The Toxins We Carry: Tackling medical misinformation beyond COVID-19 vaccine hesitancy
David Scales, MPhil, MD, PhD
Physician and Medical Sociologist | Weill Cornell Medicine
Where: Hybrid Event | 2001 McGill College, Room 1140; Zoom
The COVID-19 pandemic and the associated infodemic – the abundance of information, both true and false, spreading at unprecedented speed and scale – has created myriad challenges for public health professionals. While COVID-19 is becoming endemic, our infodemic was, in fact, already endemic. In this lecture, I will discuss how the structure of the misinformation crisis can guide interventions to mitigate it, using as an example my work training community-oriented infodemiologists – field epidemiologists for the infodemic – to begin addressing misinformation and building healthy information environments in their digital communities.
- Recognize and define the spectrum of information disorder including mis/dis/malinformation
- Explain how environmental health metaphors provide a lens into the structure of our misinformation crisis
- Describe strategies to address misinformation in online forums that flow from our understanding of the structure of how misinformation flows online
David Scales, MPhil, MD, PhD, is physician and medical sociologist at Weill Cornell Medicine and Chief Medical Officer at Critica, an NGO focused on building scientific literacy. His dissertation examined the global governance of infectious diseases and he completed a post-doc at HealthMap.org at Harvard Medical School in spatial epidemiology. David went on to a primary care Internal Medicine residency at Cambridge Health Alliance and continues to work as a hospitalist. His current research focuses on medical communication in clinical and online settings including understanding how to address misinformation within digital communities. His work seeks to emphasize how structural factors affect our information environments to allow misinformation to propagate and misconceptions to persist. Dr. Scales’ work leverages qualitative and quantitative methods to the problem of misinformation, training “infodemiologists” to build Covid-19 vaccine confidence in online communities with community-oriented motivational interviewing. He has written about applying models of epidemic disease surveillance and response as a guide to the problem of misinformation and served as a consultant to the Office of the Surgeon General on the topic of the impact of COVID-19 misinformation during the pandemic. In his spare time he enjoys learning and speaking different languages, biking, playing water polo and reading with his two-year-old son.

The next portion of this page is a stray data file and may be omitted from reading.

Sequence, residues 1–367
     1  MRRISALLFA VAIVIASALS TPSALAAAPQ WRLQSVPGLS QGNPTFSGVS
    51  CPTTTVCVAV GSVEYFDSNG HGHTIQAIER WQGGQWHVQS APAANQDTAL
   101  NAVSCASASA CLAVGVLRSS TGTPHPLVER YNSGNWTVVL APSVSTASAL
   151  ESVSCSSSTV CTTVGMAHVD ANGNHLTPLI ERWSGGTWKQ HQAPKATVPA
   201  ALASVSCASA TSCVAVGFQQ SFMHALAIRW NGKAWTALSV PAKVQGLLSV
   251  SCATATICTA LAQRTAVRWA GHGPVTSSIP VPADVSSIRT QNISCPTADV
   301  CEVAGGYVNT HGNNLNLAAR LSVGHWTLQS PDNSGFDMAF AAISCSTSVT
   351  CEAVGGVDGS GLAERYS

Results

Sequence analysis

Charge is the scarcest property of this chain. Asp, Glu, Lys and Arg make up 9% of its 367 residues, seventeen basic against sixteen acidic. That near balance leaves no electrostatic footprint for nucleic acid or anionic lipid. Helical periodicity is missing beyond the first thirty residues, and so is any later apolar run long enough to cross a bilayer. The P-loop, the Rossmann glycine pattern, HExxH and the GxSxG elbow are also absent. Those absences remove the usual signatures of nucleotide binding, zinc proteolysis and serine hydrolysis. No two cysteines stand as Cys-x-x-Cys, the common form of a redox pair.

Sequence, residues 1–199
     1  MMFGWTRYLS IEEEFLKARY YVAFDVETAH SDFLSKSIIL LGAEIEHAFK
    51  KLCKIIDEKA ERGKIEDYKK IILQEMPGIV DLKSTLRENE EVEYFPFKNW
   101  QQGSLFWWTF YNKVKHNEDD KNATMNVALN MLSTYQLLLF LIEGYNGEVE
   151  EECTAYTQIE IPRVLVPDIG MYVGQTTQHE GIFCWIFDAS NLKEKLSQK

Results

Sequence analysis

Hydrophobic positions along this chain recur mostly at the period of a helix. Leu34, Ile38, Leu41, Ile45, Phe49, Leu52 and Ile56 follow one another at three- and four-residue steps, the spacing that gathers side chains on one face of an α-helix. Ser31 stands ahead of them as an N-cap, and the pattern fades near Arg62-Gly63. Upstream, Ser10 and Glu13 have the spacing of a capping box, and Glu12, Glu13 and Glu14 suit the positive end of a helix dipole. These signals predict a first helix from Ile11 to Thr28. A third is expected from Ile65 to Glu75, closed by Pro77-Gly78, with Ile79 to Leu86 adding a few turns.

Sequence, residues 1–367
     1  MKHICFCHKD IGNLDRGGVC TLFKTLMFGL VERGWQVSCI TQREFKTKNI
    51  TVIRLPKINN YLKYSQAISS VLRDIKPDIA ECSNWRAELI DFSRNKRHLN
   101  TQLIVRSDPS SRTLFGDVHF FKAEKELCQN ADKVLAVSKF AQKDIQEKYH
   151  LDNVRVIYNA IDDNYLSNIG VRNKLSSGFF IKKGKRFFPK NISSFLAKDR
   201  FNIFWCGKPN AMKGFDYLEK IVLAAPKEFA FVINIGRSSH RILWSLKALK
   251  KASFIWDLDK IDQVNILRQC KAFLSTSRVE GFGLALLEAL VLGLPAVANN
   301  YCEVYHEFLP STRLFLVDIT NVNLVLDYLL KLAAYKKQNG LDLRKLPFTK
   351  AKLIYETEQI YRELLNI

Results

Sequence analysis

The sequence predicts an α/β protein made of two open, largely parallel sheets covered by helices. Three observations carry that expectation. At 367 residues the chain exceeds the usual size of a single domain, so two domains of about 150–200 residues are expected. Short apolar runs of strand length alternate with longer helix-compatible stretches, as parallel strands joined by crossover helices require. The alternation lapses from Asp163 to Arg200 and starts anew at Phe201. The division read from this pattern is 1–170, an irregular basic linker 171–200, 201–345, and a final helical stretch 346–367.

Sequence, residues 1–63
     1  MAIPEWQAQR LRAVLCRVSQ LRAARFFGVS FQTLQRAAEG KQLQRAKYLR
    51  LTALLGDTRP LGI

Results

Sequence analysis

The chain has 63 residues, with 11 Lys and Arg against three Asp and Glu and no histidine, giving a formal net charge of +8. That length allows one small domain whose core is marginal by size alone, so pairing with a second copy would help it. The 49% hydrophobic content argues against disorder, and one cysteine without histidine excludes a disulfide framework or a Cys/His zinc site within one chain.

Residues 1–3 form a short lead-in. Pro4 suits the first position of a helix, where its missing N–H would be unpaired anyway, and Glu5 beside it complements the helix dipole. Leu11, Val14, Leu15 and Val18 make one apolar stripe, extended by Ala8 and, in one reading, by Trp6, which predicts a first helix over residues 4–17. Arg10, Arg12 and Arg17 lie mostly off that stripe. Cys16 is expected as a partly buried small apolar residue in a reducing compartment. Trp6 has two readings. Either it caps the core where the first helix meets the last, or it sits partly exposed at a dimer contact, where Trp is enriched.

Presented as part of the Epidemiology Seminar Series
The Department of Epidemiology, Biostatistics and Occupational Health Seminar Series is a self-approved Group Learning Activity (Section 1) as defined by the maintenance of certification program of the Royal College of Physicians and Surgeons of Canada